Do you know what will happen to your company once you are gone? Unlike corporations, which are typically owned by stockholders, small businesses must plan for what happens after the owner or owners retires or passes away. These small businesses, typically organized as sole proprietorships, partnerships, or limited liability companies, must understand all considerations in business succession planning to fit it into their overall estate planning. Then, after consultation with a knowledgeable small business lawyer, the business owner or owners should utilize the most tax-friendly vehicle to implement those plans.
How Business Succession Plans Fits with Overall Estate Plans
First, it is important for any business to understand how their business succession plans fit into their larger estate plans. While most small businesses believe that business succession is a simple matter – where one person takes over the company after the current owner passes away, retires, or otherwise chooses to step away from his or her business – the truth is more nuanced.
In reality, problems can and often do arise at many stages of the business succession process. Heirs or employees of the business may feel unfairly passed over. Or, when there are multiple owners, some owners may not feel they were given sufficient input – and the ownership or operation of the business could be in peril when the succession process begins. In other circumstances, the person may die or become incapacitated unexpectedly, forcing the business to somehow operate without any succession plans – a recipe for chaos and reduced profits.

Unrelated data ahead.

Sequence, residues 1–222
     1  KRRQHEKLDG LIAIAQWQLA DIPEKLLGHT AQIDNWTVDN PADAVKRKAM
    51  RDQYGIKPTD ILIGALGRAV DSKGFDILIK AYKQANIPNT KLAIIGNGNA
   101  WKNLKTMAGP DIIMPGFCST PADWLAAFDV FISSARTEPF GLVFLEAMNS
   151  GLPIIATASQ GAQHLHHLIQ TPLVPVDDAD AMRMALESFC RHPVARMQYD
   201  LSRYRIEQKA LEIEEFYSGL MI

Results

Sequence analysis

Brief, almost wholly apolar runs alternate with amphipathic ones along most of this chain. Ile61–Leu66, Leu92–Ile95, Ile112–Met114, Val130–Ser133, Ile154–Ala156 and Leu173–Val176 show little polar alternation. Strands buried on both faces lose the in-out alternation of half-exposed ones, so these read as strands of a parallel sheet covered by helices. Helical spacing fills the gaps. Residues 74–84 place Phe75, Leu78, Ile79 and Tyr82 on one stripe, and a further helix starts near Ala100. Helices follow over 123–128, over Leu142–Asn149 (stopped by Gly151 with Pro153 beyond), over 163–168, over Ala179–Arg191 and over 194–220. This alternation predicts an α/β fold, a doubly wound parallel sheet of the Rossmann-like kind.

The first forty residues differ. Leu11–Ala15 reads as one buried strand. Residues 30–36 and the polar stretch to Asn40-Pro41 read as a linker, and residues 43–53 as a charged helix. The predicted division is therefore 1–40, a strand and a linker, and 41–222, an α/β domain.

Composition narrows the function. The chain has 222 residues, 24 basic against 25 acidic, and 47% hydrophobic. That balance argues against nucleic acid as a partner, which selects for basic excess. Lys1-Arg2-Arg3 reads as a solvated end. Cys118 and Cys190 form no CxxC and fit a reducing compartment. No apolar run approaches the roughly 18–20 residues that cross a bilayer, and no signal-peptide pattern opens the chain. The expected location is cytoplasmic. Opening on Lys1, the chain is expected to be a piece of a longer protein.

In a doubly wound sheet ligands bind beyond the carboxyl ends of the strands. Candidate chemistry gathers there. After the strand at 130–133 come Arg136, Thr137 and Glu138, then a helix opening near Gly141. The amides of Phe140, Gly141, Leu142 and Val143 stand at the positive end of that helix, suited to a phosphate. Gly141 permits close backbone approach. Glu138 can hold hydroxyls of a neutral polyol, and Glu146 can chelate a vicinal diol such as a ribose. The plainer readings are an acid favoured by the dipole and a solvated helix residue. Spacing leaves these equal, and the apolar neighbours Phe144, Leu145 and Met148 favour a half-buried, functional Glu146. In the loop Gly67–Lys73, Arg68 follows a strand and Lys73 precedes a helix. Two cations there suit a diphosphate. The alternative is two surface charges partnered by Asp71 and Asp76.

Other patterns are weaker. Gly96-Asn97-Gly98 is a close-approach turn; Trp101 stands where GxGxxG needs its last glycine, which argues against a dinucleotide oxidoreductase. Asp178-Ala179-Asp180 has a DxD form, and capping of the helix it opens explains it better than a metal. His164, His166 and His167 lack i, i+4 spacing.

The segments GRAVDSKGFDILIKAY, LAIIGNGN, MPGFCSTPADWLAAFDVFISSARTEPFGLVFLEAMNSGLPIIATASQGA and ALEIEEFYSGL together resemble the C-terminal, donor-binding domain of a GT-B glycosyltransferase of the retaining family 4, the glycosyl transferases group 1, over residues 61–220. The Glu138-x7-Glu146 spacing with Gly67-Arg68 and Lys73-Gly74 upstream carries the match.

For these reasons, it is best to speak to an attorney and create a full, comprehensive business succession plan. By proactively responding to the different scenarios that may occur years down the road, the business owner will provide stability to the business during what will likely be a fraught time. Not only is this beneficial to the employees and other business owners, it also necessary to maintain customer loyalty.
After responding to the different possible scenarios that may occur down the road, the business owner should then speak to a tax or estate-planning attorney about the most tax-efficient way to implement his or her business succession plans. If ownership of the business transfers upon death, then the estate could possibly be large enough to be hit with “estate taxes” – currently, levied on estates over $11.2 million.
Popular ways to avoid the estate tax include establishing a grantor retained annuity trust (GRAT) or a grantor retained unitrust (GRUT). These two trust funds are especially popular for rapidly-growing businesses, because once the business is put into one of these trusts, any growth in the business (and thus, the trust fund) will not be subject to estate taxes. These two types of trust funds also have the benefit or avoiding probate – an often lengthy and expensive affair, especially when large amounts of money are at stake.
Other popular tax vehicles utilized during business succession planning include a family limited partnership and a family limited liability company. Instead of utilizing a trust fund, these two business succession planning techniques organize the assets of a business under the ownership of another business, owned by a family. These types of funds are especially popular for business owners that want to pass the business along to their children. They differ from typical business forms because they do not allow the “owners” of the business entity to have any control over how the actual business operates. For this same reason, transferring assets from the company to the children may be tax-deductible as a gift, depending on several other factors.
Because business succession plans are so important, and the consequences for not effectively preparing so grave, any business owner should speak to a reputable and knowledgeable attorney about how to create the most comprehensive and tax-efficient business succession plans. Contact the Law Office of Carey Thompson today to arrange a session to go over the considerations in business succession planning.